The desire of tennis players to win Gold at the Olympic Games has never been as strong as it is right now, not least because of the tournament being played on the hallowed courts of The All-England Club. With the unfortunate exception of the injured Rafael Nadal, all of the world’s top players head to South-West London this week in search of what is deemed by sport, if not tennis, fans as the ultimate prize; an Olympic Gold medal.
Many feel that Roger Federer has played on so long for the sole reason of dreaming of winning Olympic Gold on his Centre Court. His recent triumph on that court ensures he will continue to gun for further Slams for at least another year or two. His dual aims of winning another major and regaining the Number 1 ranking have been achieved after some personal sacrifices. Quite what this will do for his career remains to be seen, but the lifting of self-imposed pressure could lead to Fedex having an Indian summer in the most unbelievable of careers.
Andy Murray has to now believe that he can win on the grass of Wimbledon. I always sensed with Andy that he didn’t truly believe that his breakthrough win would come in his home Slam. His run to the final three weeks ago must surely give him the confidence to go on to great things there in the future. The smart money may yet be on the man from Dunblane winning Gold on home soil.
What of the world number 1? For the first time in two years, Novak Djokovic has gone two majors without winning one. He will want to prove that he is still top dog and the proud Serb would love nothing more than to do that by winning sport’s top prize whilst wearing his country’s colours. I have thought all summer long that Murray, Nadal, Djokovic and Federer would each take one of the four big summer prizes. Nadal reigned supreme in Paris, King Roger returned to rule Wimbledon so I believe it is left to Murray and Djokovic to squabble over the Games and the US Open.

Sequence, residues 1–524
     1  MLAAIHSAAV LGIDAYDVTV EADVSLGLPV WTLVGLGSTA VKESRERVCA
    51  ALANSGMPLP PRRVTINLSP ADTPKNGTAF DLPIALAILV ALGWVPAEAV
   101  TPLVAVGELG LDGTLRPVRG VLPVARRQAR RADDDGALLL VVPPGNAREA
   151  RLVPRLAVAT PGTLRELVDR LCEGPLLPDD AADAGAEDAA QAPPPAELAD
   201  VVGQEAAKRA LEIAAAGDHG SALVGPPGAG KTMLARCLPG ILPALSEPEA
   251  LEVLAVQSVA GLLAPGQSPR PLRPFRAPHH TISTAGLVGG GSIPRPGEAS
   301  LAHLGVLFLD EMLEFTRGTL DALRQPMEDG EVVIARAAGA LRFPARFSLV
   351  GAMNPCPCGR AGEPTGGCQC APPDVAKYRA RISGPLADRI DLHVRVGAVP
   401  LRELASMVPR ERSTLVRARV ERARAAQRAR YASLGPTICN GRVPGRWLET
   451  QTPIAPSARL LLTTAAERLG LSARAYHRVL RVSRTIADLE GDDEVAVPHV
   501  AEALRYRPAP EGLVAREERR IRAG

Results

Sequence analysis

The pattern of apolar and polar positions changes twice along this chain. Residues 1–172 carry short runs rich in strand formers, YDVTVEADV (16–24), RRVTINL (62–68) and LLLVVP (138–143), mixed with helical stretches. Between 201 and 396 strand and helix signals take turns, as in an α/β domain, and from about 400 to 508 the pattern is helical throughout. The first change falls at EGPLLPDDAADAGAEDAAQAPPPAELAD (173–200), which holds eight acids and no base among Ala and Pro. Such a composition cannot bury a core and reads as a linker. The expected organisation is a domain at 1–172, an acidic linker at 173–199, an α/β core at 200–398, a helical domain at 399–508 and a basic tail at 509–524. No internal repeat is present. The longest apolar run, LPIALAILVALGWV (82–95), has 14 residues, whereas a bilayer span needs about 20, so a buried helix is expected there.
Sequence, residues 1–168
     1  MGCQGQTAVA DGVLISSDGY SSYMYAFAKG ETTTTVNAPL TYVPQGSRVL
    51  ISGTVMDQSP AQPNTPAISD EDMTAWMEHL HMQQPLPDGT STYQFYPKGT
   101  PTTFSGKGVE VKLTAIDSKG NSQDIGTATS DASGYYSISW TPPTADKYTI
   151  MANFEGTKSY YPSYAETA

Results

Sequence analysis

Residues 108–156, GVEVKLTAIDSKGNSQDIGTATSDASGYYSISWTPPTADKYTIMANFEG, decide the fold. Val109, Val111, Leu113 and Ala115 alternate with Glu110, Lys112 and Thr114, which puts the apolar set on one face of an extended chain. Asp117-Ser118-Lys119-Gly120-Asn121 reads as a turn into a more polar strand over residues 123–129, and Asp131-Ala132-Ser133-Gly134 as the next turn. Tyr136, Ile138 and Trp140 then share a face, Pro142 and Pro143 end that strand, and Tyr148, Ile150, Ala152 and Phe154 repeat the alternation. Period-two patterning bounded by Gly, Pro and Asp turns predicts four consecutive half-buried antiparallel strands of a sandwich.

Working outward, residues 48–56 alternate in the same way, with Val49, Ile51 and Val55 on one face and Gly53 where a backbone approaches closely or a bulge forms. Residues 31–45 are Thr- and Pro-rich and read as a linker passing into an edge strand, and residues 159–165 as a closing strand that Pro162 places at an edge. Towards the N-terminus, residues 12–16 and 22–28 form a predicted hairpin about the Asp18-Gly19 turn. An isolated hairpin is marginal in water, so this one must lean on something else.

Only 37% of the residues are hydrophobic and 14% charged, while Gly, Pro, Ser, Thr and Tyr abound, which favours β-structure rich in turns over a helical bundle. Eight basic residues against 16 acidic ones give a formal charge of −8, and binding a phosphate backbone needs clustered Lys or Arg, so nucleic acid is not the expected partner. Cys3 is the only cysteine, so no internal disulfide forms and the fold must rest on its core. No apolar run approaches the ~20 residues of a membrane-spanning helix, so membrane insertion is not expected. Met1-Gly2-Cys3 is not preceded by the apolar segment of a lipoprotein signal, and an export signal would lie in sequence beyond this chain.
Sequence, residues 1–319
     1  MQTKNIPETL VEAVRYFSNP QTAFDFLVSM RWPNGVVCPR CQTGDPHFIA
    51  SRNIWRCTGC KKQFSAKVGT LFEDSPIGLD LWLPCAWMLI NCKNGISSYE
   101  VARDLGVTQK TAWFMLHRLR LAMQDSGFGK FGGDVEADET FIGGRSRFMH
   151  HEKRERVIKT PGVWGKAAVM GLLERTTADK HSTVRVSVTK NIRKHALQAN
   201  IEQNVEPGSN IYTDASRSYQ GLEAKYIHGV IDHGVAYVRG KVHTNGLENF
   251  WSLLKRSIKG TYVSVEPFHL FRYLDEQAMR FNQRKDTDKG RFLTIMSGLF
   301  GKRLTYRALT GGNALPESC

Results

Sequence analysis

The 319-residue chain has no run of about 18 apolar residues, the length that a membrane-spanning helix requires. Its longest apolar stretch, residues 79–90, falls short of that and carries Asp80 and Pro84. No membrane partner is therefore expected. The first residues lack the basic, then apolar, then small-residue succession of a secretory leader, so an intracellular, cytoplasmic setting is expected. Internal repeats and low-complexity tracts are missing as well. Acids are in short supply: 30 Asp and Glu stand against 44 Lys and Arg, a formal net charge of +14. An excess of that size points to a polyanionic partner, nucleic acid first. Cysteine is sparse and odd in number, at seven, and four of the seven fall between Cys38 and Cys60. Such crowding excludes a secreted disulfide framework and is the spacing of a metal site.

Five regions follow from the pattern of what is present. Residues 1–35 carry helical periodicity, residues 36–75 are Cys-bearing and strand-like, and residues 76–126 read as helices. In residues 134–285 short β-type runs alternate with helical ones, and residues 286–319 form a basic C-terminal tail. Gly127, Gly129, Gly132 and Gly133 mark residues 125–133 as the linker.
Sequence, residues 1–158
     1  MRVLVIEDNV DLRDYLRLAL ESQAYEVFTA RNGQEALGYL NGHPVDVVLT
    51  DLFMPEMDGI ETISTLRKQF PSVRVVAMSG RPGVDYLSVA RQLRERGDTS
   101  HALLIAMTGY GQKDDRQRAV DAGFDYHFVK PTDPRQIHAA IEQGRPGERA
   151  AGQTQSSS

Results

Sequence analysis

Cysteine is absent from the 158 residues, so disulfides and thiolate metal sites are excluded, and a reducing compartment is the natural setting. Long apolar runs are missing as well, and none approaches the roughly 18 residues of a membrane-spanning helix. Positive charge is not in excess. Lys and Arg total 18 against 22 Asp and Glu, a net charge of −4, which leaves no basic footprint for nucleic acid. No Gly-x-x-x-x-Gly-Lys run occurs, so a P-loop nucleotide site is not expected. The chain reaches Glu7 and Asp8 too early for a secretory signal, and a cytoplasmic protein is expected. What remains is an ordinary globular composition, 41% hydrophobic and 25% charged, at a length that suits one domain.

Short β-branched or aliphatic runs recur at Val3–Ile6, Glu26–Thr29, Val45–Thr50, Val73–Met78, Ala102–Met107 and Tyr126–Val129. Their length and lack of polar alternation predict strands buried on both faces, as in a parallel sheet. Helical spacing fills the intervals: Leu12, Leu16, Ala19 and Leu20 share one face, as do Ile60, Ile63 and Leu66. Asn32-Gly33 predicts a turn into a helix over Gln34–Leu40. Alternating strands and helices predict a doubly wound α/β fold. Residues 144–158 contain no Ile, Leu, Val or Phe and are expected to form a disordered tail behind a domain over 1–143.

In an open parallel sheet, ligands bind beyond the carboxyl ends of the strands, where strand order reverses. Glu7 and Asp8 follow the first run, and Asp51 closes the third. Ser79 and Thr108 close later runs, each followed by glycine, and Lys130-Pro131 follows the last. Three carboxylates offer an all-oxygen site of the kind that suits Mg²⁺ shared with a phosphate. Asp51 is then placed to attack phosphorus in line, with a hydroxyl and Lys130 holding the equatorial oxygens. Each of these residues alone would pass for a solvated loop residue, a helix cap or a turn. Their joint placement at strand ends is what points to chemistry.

Does anybody else have a realistic of striking Gold? Jo-Wilfried Tsonga cannot be ruled out – his semi-final appearances in the last two Wimbledons prove that he is capable of majestic grass-court play. He also has the power to blow away any of the top 3 candidates on any given day. If he gets a favourable draw, he is more than capable of ensuring the ‘Tricolore’ is raised above the lawns of the All-England Club at the end of the Games. My other outside chance may surprise many. I have never been this man’s biggest fan, and his best days are undoubtedly behind him but something is drawing me to Andy Roddick. There are not many who are prouder to represent their country than the big-serving American yet, in his heart of hearts, he knows he is no longer capable of posing a credible threat over the course of a fortnight of 5-set matches. But you would be foolish to count him out over 3 sets against most of the world’s players, such is the power of his serve even at this stage of his career. Yes, don’t discount A-Rod going deep into the tournament and he would prove to be a popular champion at the All-England Club, even if he wasn’t wearing the all-white of a Wimbledon tournament.